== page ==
First of all I searched on Google and didn't find any help to my problem.

I'm working on my local server with MAMP and I'm following a tutorial to try securing a php page with md5.

In my login.php page there is a form with login/password fields which calls a JS function when submitted:

<form id='log' method='post' action='templates/auth.php' onsubmit='javascript:submit_pass();'> 
<input type='hidden' name='md5' /> 
<table align='center'> 
<tr><td>Login</td><td><input name='login' /></td></tr> 
<tr><td>Mot de passe</td><td><input type='password' name='passwd' /></td></tr> 
<tr><td colspan='2' align='center'><input type='submit' value='Login !' /></td></tr> 

The login.js script called on submit:

function submit_pass()

  return true;

Then it sends the parameters by POST to auth.php

So I type in the fields a random login and password.

On my auth.php page I echo $_POST['login'] and $_POST['md5']

The problem is that $_POST['md5'] is empty. So I try to echo its size and it appears 0!

I don't undrestand, is something missing? Wrong?


  • buf=MD5(pass); -- where's the MD5 function? – Amal Murali Sep 28 '13 at 18:22
  • 2
    Don't bother hashing passwords before transmitting them over the network; you won't gain any security by that. If I can capture the password hash, I can also capture the session cookie or use rainbow tables to find out the password. Use HTTPS instead. – Oswald Sep 28 '13 at 18:25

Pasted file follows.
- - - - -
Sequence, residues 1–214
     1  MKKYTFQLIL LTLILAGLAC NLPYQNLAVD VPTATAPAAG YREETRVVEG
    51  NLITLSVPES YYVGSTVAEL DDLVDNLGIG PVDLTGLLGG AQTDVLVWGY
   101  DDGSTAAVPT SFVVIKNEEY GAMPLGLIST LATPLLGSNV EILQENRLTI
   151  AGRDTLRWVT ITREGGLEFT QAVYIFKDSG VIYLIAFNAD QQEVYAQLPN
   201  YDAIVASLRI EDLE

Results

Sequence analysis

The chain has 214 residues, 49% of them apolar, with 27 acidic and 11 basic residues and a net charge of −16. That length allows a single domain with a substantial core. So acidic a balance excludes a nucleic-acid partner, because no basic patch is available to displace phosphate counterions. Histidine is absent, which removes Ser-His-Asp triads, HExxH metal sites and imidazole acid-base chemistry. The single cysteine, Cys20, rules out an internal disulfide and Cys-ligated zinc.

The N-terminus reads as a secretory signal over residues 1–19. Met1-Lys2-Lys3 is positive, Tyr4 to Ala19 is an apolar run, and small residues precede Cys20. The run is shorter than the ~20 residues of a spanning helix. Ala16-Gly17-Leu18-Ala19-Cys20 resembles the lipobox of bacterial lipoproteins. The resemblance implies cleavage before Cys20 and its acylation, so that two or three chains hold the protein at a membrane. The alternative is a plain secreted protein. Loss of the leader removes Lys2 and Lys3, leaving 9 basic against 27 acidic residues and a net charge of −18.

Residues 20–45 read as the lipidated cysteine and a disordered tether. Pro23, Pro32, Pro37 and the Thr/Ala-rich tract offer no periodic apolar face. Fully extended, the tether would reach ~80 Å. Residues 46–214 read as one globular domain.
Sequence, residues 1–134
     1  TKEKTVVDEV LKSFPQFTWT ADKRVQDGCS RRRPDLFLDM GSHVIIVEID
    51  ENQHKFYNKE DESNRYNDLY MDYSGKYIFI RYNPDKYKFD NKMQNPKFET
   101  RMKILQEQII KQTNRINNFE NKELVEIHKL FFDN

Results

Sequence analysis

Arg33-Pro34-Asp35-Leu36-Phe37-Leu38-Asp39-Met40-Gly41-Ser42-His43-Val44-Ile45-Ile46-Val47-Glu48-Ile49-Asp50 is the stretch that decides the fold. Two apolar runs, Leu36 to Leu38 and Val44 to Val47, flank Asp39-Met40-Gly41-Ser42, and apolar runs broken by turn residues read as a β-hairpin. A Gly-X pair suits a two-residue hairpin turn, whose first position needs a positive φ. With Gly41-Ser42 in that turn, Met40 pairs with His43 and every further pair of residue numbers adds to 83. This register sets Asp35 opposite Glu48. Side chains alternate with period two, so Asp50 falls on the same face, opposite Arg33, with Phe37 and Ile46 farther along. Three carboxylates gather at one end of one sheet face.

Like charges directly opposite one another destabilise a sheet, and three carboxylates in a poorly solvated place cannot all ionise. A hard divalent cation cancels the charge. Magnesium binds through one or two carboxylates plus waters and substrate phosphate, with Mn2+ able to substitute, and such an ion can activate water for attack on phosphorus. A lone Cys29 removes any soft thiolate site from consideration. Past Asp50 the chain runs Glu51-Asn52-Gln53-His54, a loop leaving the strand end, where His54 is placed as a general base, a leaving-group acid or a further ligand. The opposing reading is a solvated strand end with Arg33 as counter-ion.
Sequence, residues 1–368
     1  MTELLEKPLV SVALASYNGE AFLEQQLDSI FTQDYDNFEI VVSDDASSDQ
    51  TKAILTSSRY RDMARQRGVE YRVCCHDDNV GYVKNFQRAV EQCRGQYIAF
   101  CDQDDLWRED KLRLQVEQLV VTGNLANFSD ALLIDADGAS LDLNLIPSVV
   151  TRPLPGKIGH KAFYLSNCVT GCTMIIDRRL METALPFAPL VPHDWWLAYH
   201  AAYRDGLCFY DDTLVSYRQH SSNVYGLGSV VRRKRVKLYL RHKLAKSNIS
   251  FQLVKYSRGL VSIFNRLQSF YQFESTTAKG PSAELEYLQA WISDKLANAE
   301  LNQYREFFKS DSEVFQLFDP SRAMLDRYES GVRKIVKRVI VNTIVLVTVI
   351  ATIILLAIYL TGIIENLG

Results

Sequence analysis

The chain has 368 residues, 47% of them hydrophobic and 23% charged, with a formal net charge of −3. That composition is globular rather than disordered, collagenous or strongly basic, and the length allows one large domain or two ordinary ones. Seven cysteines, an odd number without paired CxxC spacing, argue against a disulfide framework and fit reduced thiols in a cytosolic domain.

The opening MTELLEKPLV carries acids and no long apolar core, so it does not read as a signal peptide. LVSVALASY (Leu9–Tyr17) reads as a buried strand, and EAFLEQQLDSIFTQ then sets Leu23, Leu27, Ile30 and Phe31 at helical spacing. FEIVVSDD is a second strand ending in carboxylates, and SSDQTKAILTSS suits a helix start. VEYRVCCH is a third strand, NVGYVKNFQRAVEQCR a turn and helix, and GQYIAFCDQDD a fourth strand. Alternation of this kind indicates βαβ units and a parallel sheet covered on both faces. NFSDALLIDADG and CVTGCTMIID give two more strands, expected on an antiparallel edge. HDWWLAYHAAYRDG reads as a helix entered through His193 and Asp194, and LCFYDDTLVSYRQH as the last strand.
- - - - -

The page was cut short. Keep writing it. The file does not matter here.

• 1
    please don't use MD5 for hashing password. – tereško Sep 28 '13 at 18:26
  • Just to add on, when your password gets to the backend, make sure you use a real password hashing algorithm (such as the one provided with PHP's password_hash() function) and not MD5. – SamT Sep 28 '13 at 18:27

Do not hash the password on the client. It will not improve security, because nothing has changed: The server can only see the MD5 hash and the username now, and if I can intercept that, I have everything I need to also log in! Because the server can only check the MD5.

Additionally, Javascript does not come with a built in MD5 function.

And on top of that: An unsalted MD5 hash is as insecure as the plain text password itself - it is only marginally more effort to scan the whole password space.

If you really want to improve password security, you have to use SSL for the client-server-communication (otherwise anything is sent as clear text), and on the server you should hash with the new and shiny password_hash() function of PHP 5.5 (and there is a compatibility library that allows you to do it starting with PHP 5.3.7).


For passwords you should use crypt(). http://php.net/manual/en/function.crypt.php

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